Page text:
St. Joe wetlands drowning
Mon., Nov. 22, 2004
ST. MARIES – The St. Joe River isn’t so shadowy anymore.
Hundreds of cottonwoods that lined the banks along the lower portion of the river have drowned in recent years. Most of the trees have fallen and floated away. A few poke out of the shallow water, their bare trunks bleached like old bones. The dark soil also has melted into the water, turning the once-braided river delta into an open lake.
Retired U.S. Marine Frank Werner is leading a solo charge to protect what’s left. On a blustery morning last week, Werner, of St. Maries, offered a tour of the disappearing delta in his homemade duck boat.
“We just crossed the old levee,” Werner said as his boat floated over a mound of dirt about a foot below the surface.
Trees, dogwood shrubs and rushes once grew in the boat’s wake. The area was home to beavers, ducks, herons, songbirds and countless species of insects and amphibians. Werner, a decoy carver of national renown, even had a duck blind on one of the levees before it washed away.
Decades of artificially high water levels on Lake Coeur d’Alene during summers have flooded the area and allowed more powerboats to cruise upriver. The boat wakes and high water have erased nearly a mile of natural levees along the lower river and flooded thousands of acres of seasonal wetlands. Miles more are at risk, Werner said.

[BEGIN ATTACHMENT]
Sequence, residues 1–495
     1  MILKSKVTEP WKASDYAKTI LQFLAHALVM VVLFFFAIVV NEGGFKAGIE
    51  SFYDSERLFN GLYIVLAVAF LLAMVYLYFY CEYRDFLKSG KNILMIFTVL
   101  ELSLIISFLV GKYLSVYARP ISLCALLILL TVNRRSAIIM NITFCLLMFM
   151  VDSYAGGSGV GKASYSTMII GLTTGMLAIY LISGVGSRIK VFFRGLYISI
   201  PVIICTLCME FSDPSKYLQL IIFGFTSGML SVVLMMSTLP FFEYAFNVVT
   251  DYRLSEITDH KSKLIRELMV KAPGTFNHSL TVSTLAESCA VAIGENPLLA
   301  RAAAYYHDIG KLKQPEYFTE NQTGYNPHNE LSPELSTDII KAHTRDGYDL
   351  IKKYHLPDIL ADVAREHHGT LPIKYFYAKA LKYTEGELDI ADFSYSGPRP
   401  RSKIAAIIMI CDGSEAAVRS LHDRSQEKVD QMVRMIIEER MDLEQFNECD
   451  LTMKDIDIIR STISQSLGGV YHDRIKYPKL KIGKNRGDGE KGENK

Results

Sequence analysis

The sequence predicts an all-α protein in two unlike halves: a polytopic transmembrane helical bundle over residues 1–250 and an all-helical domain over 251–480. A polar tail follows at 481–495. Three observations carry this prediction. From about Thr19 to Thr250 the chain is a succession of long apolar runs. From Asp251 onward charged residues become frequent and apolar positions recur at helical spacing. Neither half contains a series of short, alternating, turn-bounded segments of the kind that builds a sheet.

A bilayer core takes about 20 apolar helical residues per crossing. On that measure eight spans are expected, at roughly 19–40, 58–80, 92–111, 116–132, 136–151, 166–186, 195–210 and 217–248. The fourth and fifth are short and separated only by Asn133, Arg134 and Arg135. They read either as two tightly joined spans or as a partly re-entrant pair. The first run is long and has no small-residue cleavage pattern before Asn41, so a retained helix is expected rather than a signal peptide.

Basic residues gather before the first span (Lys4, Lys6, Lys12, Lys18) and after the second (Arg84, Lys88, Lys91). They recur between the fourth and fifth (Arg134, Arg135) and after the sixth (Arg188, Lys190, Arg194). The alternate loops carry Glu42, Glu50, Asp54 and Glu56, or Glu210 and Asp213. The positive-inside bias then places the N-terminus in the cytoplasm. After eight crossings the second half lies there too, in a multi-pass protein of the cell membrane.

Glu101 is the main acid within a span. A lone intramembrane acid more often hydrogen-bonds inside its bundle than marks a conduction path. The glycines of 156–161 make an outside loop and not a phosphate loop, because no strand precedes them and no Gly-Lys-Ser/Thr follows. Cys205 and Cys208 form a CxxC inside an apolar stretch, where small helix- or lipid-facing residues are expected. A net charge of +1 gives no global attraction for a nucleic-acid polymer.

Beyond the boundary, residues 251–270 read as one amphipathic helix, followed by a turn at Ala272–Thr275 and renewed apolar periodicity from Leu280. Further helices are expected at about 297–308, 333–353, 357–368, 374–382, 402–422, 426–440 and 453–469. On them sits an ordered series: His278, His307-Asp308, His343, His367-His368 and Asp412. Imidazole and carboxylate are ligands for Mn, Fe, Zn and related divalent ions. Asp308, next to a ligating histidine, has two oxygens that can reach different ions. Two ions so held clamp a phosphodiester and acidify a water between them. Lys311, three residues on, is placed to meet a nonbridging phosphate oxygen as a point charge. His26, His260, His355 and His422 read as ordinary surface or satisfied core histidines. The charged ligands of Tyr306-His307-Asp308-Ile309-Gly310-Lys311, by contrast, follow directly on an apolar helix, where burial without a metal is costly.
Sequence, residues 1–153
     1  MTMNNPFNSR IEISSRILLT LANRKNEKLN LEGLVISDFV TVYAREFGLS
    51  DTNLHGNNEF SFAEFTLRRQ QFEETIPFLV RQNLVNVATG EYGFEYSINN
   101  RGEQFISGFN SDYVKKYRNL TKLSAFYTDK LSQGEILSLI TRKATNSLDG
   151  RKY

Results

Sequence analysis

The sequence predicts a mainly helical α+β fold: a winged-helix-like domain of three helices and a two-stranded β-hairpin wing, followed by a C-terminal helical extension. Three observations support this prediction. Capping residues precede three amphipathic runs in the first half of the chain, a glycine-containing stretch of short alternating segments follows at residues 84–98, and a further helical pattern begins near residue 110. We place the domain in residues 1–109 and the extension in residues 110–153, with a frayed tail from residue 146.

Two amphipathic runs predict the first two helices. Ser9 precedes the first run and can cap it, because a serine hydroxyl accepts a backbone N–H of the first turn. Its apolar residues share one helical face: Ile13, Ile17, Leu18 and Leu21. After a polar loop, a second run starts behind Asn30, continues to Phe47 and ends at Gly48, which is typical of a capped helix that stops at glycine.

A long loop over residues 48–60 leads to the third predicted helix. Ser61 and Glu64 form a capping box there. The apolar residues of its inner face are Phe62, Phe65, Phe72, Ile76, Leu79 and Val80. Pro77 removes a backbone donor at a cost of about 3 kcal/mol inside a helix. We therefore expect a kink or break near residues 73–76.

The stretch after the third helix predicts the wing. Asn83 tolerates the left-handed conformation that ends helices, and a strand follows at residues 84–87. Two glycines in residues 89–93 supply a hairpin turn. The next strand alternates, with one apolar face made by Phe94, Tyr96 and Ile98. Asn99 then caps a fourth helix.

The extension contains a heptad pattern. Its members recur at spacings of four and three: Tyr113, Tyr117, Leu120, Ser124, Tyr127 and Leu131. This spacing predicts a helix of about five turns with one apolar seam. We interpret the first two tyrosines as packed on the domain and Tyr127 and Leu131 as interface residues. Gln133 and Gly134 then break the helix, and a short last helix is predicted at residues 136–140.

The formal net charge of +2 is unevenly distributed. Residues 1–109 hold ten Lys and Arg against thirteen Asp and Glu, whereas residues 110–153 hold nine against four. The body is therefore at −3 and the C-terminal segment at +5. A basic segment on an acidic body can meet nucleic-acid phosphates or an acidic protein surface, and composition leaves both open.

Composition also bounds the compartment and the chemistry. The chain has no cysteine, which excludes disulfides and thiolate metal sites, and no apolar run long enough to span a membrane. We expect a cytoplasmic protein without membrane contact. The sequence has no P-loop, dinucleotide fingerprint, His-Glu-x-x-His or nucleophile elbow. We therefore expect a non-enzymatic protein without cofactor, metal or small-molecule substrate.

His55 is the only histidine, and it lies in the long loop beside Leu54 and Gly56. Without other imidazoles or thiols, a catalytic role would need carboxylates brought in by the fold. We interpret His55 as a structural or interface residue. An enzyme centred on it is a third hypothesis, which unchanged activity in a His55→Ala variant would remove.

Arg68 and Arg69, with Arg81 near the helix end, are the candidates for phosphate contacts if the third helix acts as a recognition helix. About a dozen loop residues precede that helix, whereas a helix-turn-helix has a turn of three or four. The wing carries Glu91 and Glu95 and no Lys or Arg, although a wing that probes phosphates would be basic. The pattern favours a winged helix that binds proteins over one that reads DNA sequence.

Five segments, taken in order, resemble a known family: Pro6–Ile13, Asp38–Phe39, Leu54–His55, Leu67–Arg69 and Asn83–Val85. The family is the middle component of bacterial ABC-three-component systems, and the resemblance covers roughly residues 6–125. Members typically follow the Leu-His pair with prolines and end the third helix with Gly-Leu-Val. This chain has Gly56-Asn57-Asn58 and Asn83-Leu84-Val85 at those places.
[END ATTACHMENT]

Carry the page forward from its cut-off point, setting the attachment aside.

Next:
Although swamps and trees have been lost, the higher water has meant better river conditions for boaters and deeper dock access for hundreds of property owners along Lake Coeur d’Alene. Avista Utilities, which regulates the lake level with its Post Falls dam, is seeking another 30- to 50-year dam operating license from the federal government.
For the past two years, Werner has participated in negotiations over the utility’s lake management plan – he wants to see the summer lake level dropped by 2 feet and the levees rebuilt. But other participants in the talks – tourism businesses and lake property owners – are fighting to extend existing summer lake levels for at least two weeks longer each season.
Despite evidence of the loss, Werner doubts the lake levels will ever be dropped. “Money talks and merit walks,” he said, motoring his boat downstream toward the Chatcolet Bridge, near the official confluence of the river and lake. Even if the summer levels remain at 2,128 feet above sea level, the utility has proposed measures to slow the erosion, including spending $150,000 each year for the first 15 years of its new license to build wedge-shaped rock weirs. The structures are meant to absorb energy from wakes and waves.
Below the bridge, a small strip of levee still breaks the surface of the water. Bare roots now poke out of the mud. The sight and sound of Werner’s small boat prompted nearby flocks of widgeon and mallards to burst off the water. Werner slowed the motor and watched the ducks. They flew above the river, which looked like dull copper from the glint of the low November sun.